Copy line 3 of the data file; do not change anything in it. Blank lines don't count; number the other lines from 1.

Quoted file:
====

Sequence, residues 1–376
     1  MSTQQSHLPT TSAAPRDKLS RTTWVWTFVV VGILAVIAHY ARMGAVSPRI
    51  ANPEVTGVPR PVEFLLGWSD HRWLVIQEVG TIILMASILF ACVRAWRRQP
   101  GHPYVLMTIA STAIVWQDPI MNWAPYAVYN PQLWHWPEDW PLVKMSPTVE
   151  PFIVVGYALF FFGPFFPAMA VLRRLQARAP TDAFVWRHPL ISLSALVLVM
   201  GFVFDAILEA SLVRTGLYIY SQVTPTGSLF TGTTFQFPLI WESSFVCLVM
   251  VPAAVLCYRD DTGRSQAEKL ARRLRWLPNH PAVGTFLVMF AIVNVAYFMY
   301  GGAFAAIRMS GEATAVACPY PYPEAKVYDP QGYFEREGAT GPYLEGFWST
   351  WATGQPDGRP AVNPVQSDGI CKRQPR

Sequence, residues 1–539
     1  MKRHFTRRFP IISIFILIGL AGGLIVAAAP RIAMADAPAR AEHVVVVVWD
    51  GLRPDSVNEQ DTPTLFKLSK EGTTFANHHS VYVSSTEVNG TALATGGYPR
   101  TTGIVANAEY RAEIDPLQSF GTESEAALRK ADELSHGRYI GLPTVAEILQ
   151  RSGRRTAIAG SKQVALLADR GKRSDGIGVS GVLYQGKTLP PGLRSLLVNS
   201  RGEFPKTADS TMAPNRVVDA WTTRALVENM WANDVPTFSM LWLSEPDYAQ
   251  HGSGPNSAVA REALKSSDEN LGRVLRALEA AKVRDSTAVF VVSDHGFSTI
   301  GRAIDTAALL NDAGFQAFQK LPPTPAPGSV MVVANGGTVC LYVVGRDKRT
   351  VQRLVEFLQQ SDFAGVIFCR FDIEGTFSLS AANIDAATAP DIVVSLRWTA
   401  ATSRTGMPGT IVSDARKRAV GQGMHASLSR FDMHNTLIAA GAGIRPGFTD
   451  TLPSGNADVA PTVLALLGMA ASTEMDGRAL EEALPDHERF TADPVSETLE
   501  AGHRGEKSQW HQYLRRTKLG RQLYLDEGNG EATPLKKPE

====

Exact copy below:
    51  ANPEVTGVPR PVEFLLGWSD HRWLVIQEVG TIILMASILF ACVRAWRRQP